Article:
While pet insurance may not seem like a needed investment, many pet owners are reconsidering its importance. In some cases, pet owners are better off setting up their own savings accounts for vet expenses, but there are also many people who may benefit from buying this type of insurance.

Special Breeds and Medical Problems

Some breeds are more prone to developing certain medical conditions. These conditions are often permanent and require regular treatments, which can be expensive. Most vet procedures are increasing in cost, so pet owners who foresee the possibility of multiple visits every year may want to consider buying pet insurance.

Additionally, those willing to spend anything to save a pet but unsure of finances may appreciate the peace of mind insurance provides. Many pet clinics ask for payment upfront, so some owners who cannot afford expensive treatments or surgeries are faced with the difficult decision of going into debt or having the animal euthanized.

Growing Veterinary Costs

Many pet owners often wonder why vet bills are so expensive. There are two main reasons costs are climbing.

First, veterinary science is advancing and bringing new treatments with it. Some of the breakthrough treatments are still difficult to provide, which means the cost will reflect this. Everything from cancer radiation therapy to organ transplants is now offered for pets. While once only used on humans, MRIs and imaging devices are also used on animals now.

Second, the cost of keeping up and running a veterinary business is increasing due to taxes, laws, and other economic issues. Vets also have to pay more for high-tech equipment and upkeep of that equipment. In addition, they have to pay for their own malpractice insurance. All of these costs are then passed on to pet owners.

Many of America’s Pets Lack Adequate Coverage 

Research shows that Americans spent more than $45 billion on their pets in 2009. Of this amount, more than 25% was spent on veterinary care. Of the 82 million cats and 72 million dogs reported as pets in 2007, only 850,000 animals were insured. Insurers and pet-friendly organizations have teamed up to help remedy this situation by offering pet coverage as a workplace benefit. Employers should consider adding this to their benefits package.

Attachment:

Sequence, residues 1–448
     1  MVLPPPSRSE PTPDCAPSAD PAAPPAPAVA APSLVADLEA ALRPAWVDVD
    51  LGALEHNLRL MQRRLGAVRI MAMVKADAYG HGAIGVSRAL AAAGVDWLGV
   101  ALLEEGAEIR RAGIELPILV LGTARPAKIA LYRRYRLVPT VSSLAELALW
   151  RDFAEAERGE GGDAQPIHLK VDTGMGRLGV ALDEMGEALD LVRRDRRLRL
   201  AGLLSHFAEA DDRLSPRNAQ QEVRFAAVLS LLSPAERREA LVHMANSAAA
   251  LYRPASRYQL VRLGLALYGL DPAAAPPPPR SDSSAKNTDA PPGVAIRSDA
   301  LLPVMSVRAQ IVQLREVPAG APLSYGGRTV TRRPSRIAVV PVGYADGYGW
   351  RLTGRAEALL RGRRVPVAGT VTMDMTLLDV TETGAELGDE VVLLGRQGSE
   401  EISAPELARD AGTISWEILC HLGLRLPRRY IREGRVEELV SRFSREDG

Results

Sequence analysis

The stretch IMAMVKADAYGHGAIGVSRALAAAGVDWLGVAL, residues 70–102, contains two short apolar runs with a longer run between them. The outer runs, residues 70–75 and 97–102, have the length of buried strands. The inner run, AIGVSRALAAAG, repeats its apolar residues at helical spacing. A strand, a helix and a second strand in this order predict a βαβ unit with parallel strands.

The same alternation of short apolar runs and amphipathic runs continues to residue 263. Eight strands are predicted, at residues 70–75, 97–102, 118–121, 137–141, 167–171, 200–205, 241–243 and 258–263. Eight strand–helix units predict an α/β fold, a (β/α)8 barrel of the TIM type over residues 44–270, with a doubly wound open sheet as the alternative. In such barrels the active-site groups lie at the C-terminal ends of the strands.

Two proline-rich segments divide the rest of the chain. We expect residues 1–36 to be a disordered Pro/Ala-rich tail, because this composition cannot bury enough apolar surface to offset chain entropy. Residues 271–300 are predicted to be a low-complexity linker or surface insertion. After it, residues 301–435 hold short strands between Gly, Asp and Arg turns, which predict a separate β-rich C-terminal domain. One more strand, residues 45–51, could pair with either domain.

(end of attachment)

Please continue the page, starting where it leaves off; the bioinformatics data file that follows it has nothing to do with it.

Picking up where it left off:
Consumers who do not have this workplace benefit and are considering buying pet coverage should review the following tips:

  • Shop around to compare the various providers before making a decision. Plan inclusions and pricing vary greatly from one company to another.
  • For those with multiple pets, some companies offer discounts for insuring more than one pet.
  • Ask about copay amounts, deductibles, and caps. Find out if maximums are annual or based on a lifetime.
  • Make sure the company is registered with the state.
  • Read the exclusions carefully.

If Pet Insurance Isn’t Right for You

If pet insurance is not the right investment for you, here are a few other tips that may lower vet bills:

  • Take advantage of low-cost vaccination clinics at pet stores, animal shelters, or veterinary offices.
  • Ask vets for samples whenever medications are prescribed.
  • Make sure pets maintain a healthy weight.
  • Seek a second opinion before starting costly treatments.
  • Avoid using cheap pet food that can cause medical problems.
  • Look online for lower medication prices.
  • Do not keep pets outdoors all day and all night.
  • Keep pets on leashes while walking them to avoid accidents.

For those who have yet to acquire a pet, it is important to research breeds before deciding which type of cat or dog to purchase.

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